Following a near week of riots at the WTO Conference in Seattle three years ago, and scuffles between activists and police in Portland two summers ago, a handful of local medical personnel were inspired to form Black Cross. They recognized that at times activists need but lack immediate first-aid. According to Black Cross organizers, many activists with eyes burning from pepper spray or heads bloodied from batons are denied basic medical attention because police purposely keep emergency services from reaching them. Oftentimes, say organizers, activists who stop and help the injured become targets of police attacks themselves.
"Pepper spray was originally developed to stop uncontrollable people from attacking the police," explains Adam, a local brawny nurse, who requested that his last name be withheld. "It is now routinely used against non-violent activists who are sitting down."
"Broken fingers, broken bones, broken arms, these have all happened at demonstrations, peaceful demonstrations," continues Adam. "Police break arms, fingers, they break legs, they bust heads and they pepper spray people. Maybe to their minds, those aren't injuries. But to my eyes, trained as an orthopedic nurse, trained as a neurological nurse, those are injuries. Pepper spray causes pain. That's an injury. To have police charge at you causes psychological injury. There is such a thing as post-traumatic stress. We see it all the time."
Black Cross organizers point to May Day 2000, when police pepper-sprayed dozens of activists, and to recent indictments handed to two off-duty officers who unabashedly brutalized a lone man outside the downtown club Stephano's. There is a lingering distrust of the police and a compelling feeling that the activist community must rely on itself for services like medical attention.
"The May Day Parade this year was unmolested by police, but it wasn't that way two years ago," says Black Cross activist Chas. "It often seems to us like police behavior is completely unpredictable. Things can be placid and everyone is getting along, people are chatting with the police; 10 minutes later, it's complete mayhem. People are screaming, running around, bloody, and on the ground--that kind of scene is really shocking. We don't want people to feel helpless, like they don't know how to care for other people in that kind of situation."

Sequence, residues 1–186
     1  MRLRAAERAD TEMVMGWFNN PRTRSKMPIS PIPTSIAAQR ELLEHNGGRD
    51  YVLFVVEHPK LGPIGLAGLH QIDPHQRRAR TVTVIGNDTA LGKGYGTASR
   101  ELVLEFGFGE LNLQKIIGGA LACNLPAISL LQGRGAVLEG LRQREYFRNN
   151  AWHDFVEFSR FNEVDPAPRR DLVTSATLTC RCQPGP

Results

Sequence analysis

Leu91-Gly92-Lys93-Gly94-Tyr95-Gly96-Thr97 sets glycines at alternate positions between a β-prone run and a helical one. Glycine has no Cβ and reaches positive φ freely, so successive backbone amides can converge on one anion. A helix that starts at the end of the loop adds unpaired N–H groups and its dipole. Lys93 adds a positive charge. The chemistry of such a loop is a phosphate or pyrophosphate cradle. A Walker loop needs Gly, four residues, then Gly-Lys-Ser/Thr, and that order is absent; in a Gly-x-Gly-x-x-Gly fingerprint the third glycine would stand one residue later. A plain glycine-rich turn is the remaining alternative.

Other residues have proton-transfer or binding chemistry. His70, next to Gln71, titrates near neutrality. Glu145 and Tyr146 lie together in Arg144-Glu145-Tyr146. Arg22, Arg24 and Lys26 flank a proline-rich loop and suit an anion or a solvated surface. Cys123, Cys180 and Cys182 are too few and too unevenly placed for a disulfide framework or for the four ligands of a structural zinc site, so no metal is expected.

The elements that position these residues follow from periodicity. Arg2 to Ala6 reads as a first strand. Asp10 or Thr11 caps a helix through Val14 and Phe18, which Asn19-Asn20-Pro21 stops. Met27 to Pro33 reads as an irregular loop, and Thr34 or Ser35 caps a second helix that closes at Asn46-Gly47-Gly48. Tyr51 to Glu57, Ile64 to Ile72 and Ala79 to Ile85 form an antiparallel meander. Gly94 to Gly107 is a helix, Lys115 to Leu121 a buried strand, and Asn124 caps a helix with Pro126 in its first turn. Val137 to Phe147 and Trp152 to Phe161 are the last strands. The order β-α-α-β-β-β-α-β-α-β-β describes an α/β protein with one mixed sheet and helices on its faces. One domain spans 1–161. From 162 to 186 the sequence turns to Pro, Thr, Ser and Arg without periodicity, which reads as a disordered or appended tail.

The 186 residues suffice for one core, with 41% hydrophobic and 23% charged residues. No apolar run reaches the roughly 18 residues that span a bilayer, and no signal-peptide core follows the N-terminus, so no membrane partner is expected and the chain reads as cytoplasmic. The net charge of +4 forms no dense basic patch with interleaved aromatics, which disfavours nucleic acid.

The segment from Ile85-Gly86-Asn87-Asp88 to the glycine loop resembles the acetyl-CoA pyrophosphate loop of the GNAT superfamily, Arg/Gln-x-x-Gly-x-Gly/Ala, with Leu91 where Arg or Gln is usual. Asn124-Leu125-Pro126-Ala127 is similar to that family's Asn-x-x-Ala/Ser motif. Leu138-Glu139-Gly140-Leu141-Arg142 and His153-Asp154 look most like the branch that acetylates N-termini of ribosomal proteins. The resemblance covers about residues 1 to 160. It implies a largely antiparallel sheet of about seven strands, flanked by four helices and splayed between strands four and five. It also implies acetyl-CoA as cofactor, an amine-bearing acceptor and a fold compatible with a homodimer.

Some volunteers for Black Cross have been recruited after being victims of heavy-handed policing themselves. Last March, 40 police officers stormed a house party in NE Portland and pepper-sprayed many of the partygoers at close range.
"A bunch of them volunteered," one Black Cross member confided, "because they were beaten up by the cops... We treated some of those people. A lot of them wanted to volunteer afterwards. They understand that this is important."
Although the Black Cross has provided trainings around the country, their next session is here in Portland, Saturday, May 18, at Liberty Hall, 311 N Ivy Street, 1-6 pm. Organizers request that participants bring comfortable clothes and "shoes you can run in." The training is free, but donations are accepted. Training will include first-aid kit preparation, decontamination treatments, attending to broken bones, and learning to document police abuse at protests.
Volunteers that wish to participate in the ongoing Black Cross Health Collective pepper spray trials will be accommodated. But be warned: it's going to hurt.